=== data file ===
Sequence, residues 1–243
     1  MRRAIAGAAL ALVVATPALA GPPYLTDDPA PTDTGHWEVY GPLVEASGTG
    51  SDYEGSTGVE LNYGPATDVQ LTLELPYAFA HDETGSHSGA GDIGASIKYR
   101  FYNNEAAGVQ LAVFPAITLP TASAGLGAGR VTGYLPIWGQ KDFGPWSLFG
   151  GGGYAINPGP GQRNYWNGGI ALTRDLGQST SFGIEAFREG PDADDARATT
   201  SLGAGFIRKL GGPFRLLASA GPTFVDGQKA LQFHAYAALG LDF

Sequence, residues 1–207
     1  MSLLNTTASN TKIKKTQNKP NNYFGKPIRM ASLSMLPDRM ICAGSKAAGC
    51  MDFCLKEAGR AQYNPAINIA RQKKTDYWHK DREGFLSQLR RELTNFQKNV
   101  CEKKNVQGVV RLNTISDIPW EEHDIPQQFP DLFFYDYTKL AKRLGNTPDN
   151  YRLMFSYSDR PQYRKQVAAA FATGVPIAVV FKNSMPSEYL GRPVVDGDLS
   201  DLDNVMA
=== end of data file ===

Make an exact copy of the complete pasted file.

Sequence, residues 1–243
     1  MRRAIAGAAL ALVVATPALA GPPYLTDDPA PTDTGHWEVY GPLVEASGTG
    51  SDYEGSTGVE LNYGPATDVQ LTLELPYAFA HDETGSHSGA GDIGASIKYR
   101  FYNNEAAGVQ LAVFPAITLP TASAGLGAGR VTGYLPIWGQ KDFGPWSLFG
   151  GGGYAINPGP GQRNYWNGGI ALTRDLGQST SFGIEAFREG PDADDARATT
   201  SLGAGFIRKL GGPFRLLASA GPTFVDGQKA LQFHAYAALG LDF

Sequence, residues 1–207
     1  MSLLNTTASN TKIKKTQNKP NNYFGKPIRM ASLSMLPDRM ICAGSKAAGC
    51  MDFCLKEAGR AQYNPAINIA RQKKTDYWHK DREGFLSQLR RELTNFQKNV
   101  CEKKNVQGVV RLNTISDIPW EEHDIPQQFP DLFFYDYTKL AKRLGNTPDN
   151  YRLMFSYSDR PQYRKQVAAA FATGVPIAVV FKNSMPSEYL GRPVVDGDLS
   201  DLDNVMA